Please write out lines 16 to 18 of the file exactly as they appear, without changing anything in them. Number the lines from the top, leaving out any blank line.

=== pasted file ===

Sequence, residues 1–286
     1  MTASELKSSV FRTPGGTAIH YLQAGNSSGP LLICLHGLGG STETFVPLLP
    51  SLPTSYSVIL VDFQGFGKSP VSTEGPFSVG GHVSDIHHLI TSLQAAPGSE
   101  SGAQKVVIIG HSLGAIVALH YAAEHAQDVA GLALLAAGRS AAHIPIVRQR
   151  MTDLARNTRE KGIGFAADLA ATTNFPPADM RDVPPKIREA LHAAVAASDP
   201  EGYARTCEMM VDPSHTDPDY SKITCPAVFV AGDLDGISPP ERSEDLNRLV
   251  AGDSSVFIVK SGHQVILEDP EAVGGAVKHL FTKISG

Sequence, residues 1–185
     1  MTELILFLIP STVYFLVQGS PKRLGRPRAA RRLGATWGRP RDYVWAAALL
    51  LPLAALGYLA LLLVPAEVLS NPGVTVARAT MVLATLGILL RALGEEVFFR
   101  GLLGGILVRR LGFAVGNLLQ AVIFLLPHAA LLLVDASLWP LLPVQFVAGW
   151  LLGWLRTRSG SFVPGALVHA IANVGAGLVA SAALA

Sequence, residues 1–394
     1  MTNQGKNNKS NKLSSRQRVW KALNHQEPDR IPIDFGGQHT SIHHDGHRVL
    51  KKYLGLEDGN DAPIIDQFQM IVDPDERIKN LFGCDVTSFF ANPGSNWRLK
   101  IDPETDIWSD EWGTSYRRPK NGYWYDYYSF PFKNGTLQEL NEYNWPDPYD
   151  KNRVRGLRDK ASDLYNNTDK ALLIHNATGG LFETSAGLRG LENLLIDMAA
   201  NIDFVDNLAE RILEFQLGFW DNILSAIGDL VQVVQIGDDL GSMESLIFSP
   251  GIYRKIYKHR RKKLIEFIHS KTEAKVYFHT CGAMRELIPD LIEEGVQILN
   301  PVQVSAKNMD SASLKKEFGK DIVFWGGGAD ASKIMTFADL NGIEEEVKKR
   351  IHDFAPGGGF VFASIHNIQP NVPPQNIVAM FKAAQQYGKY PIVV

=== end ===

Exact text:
   101  IDPETDIWSD EWGTSYRRPK NGYWYDYYSF PFKNGTLQEL NEYNWPDPYD
   151  KNRVRGLRDK ASDLYNNTDK ALLIHNATGG LFETSAGLRG LENLLIDMAA
   201  NIDFVDNLAE RILEFQLGFW DNILSAIGDL VQVVQIGDDL GSMESLIFSP